This afternoon, I led a debate in Parliament on waste incineration and recycling rates.
It was the third time I had spoken in a debate in Westminster on incineration since the election and, next to the additional £500 million for our new local hospitals, this is one of the topics that I speak about most in the House.
I have repeatedly raised concerns with Ministers in the past about emissions breaches in incinerators; the need for independently run air quality monitoring stations near those sites, rather than leaving them to be self-reporting by the operator; the need to focus on the circular economy, reducing the amount of waste we produce in the first place; and the all-important knock-on effect of operating incinerators, such as traffic movements in the surrounding area.
Carshalton and Wallington residents were promised quite a lot when the Liberal Democrats approved the building of an incinerator in Beddington.
They were promised the Beddington farmlands, which are now several years overdue.
They were promised things such as new wildlife habitats to rebuild rare species, only for the water levels surrounding ground-nesting birds for protection to be allowed to drop and for predators to attack and destroy their nests last year.
They were promised robust reporting on carbon, only for there to be, by my calculation, 184 incidences where they exceeded the 150 mg carbon monoxide limits and 733 invalid carbon monoxide reports in 2020 alone.
They were promised a stronger local road network to cope with the traffic, only for residents on Beddington Lane to constantly face problems with their traffic and air pollution, and much more besides.
It is no surprise that residents feel let down and even angry that the concerns they continue to raise continue to be brushed aside and not acted upon.
There have been new developments at Beddington that have caused alarm, particularly the new south London waste plan.
The plan is supposed to bring together the lead members from four councils in south London - Sutton, Kingston, Croydon and Merton - and ultimately decide a strategy on how to deal with their waste. In short, the strategy is to make Sutton and particularly Beddington Lane the dumping ground of south London.
Under the plan, Sutton will ambitiously take more than 700,000 tonnes of waste from the four boroughs - more than half of all the waste produced by the four boroughs. Croydon is taking about 19 per cent and Merton is taking about 26 per cent, but the real winner here is Lib Dem-run Kingston Council, which is taking a measly 2.6 per cent of all waste produced across four London boroughs. To add insult to injury, Beddington is increasing its maximum capacity by around 45,000 tonnes, taking it to 347,422 tonnes of waste per year.
Together with the waste plan, the increase in Beddington’s maximum capacity and the approval of a new Suez site in Beddington Lane means around 1 million tonnes of waste a year are projected to be sent there. To put that into perspective, that is around 500 heavy goods vehicle movements a day just for waste, let alone all the other industrial sites that require heavy goods vehicles in Beddington.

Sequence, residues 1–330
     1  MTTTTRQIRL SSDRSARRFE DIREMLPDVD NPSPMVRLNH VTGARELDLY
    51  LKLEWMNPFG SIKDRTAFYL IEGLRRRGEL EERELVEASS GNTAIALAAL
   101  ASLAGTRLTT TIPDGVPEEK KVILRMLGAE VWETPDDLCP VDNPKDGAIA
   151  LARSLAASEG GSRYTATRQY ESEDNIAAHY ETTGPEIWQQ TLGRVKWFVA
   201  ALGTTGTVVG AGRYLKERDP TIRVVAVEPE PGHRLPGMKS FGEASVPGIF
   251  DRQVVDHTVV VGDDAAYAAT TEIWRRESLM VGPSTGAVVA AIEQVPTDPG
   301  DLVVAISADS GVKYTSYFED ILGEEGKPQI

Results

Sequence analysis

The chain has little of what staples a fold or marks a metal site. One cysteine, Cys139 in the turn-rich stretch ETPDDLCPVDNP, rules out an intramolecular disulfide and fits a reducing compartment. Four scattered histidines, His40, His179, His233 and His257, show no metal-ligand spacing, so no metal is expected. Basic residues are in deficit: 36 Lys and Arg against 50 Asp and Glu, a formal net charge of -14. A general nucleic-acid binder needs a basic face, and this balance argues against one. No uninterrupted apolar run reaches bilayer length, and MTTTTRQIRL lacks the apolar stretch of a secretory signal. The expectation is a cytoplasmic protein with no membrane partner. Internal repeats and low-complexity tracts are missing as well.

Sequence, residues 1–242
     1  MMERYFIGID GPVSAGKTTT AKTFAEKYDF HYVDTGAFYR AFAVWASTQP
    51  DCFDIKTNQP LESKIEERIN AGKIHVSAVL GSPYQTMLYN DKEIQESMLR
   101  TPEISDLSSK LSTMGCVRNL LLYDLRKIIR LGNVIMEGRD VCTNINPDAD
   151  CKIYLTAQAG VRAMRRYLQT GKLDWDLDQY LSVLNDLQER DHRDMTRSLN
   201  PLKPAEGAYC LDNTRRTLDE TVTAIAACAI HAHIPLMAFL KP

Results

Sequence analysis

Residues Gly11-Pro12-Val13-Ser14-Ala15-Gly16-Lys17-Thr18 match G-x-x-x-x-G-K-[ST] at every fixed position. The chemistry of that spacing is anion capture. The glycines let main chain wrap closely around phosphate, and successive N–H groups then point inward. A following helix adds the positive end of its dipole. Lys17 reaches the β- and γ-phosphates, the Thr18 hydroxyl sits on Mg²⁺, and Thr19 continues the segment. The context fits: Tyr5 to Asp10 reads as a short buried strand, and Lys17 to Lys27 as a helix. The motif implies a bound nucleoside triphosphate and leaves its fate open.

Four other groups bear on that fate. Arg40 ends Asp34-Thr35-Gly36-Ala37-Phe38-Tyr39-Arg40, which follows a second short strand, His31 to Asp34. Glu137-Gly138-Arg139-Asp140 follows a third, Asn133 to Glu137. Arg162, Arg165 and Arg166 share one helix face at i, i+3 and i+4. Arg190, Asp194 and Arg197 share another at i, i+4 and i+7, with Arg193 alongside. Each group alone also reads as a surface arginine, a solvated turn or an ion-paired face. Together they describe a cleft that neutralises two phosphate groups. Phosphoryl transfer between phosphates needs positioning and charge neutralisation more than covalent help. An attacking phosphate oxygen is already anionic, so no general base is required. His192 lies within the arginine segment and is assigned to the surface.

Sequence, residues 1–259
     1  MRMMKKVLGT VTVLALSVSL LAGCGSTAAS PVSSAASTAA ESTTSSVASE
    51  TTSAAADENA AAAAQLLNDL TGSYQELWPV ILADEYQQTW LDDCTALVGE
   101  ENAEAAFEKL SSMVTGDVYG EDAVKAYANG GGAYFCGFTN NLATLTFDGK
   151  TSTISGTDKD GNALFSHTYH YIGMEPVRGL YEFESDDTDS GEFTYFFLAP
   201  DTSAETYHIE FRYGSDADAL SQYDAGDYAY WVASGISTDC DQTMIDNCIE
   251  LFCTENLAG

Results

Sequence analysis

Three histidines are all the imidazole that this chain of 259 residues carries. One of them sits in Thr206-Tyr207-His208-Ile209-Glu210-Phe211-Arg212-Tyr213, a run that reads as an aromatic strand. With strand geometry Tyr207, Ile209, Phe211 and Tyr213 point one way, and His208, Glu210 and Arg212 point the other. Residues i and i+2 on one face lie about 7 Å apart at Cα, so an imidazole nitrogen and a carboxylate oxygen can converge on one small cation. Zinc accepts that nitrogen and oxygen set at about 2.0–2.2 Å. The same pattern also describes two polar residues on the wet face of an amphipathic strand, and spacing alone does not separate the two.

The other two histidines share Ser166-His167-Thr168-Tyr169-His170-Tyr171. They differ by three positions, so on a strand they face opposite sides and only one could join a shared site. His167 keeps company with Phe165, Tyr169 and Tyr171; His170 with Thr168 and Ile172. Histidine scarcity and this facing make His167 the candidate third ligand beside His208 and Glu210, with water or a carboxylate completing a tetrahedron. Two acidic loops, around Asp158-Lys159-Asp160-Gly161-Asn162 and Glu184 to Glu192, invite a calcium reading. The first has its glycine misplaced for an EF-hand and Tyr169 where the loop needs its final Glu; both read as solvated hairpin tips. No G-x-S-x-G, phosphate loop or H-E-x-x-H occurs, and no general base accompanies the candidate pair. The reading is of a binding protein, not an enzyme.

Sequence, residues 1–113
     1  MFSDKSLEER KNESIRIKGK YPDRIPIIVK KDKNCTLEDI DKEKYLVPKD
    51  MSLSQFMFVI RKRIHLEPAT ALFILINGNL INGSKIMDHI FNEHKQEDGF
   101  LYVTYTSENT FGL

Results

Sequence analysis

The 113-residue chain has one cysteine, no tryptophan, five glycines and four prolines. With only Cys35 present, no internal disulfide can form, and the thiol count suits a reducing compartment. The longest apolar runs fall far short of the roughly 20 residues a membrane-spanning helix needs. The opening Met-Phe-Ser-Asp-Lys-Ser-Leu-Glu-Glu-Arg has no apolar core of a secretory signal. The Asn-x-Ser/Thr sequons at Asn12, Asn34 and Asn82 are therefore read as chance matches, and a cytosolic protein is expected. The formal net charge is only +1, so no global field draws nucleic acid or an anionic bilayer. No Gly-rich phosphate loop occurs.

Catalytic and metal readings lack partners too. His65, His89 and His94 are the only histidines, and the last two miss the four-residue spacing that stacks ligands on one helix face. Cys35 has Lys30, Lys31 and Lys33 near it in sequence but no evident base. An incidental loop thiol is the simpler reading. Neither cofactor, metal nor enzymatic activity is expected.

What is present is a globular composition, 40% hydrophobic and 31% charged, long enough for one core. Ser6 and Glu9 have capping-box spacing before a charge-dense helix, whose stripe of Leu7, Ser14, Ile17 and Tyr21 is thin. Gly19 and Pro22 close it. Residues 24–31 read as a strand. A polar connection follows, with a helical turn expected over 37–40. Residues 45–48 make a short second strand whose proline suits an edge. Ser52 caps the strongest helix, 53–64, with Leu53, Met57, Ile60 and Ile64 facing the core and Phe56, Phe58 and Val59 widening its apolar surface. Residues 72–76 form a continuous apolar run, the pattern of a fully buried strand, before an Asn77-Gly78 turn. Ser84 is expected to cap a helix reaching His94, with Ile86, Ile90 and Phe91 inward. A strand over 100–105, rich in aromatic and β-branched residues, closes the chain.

The uplift in the maximum capacity at Beddington was approved by the Environment Agency on 9 December. I urge it to reconsider granting that uplift.
It is baffling to me that the South London Waste Partnership, which oversaw the plan, went on to meet more than a week after the decision was taken, on 17 December, and suddenly decided that it was not entirely happy with the increase in Beddington’s capacity. I am slightly confused as to why it did not know that the decision had been taken over a week beforehand, and what the point of the partnership is if the lead councillors from the four boroughs have no control or influence over decisions of this nature. To many residents, this appears nothing more than a convenient distraction to allow the Lib Dems to pursue their implied ambition to make Sutton the dumping ground of south London and give their mates in Kingston a hand, at the expense of roads and air pollution in Sutton.
I had hoped that we might get answers to these questions last night, when the Conservative group on Sutton Council brought a motion to full council stating its opposition to the increase and asking that Sutton gets a fair share. However, during what I can only call a childish debate, the Lib Dems reverted to their usual diktat on the incinerator: “Nothing to see here. Not me, guv. We’re ambitious about our waste plans here, mate.” They then proceeded to vote for an amendment that removed the very line that called for Sutton to get a fair share.
Let that sink in for a bit.
The Lib Dems essentially voted against Sutton having a fair deal on waste management.
That is disgraceful.
The Beddington farmlands have been delayed, wildlife habitats have been attacked, air quality monitoring is negligent, roads are unable to cope, and now we have a projected almost 1 million tonnes of rubbish making its way to Sutton, much of it to be burned.
Under any measurement, this is a bad deal for Beddington, for Hackbridge and for Carshalton and Wallington as whole.
I will continue to fight for residents on this important issue, and would welcome your views and comments if you would like to get in touch. You can read a full transcript of the debate here, and watch my opening remarks above.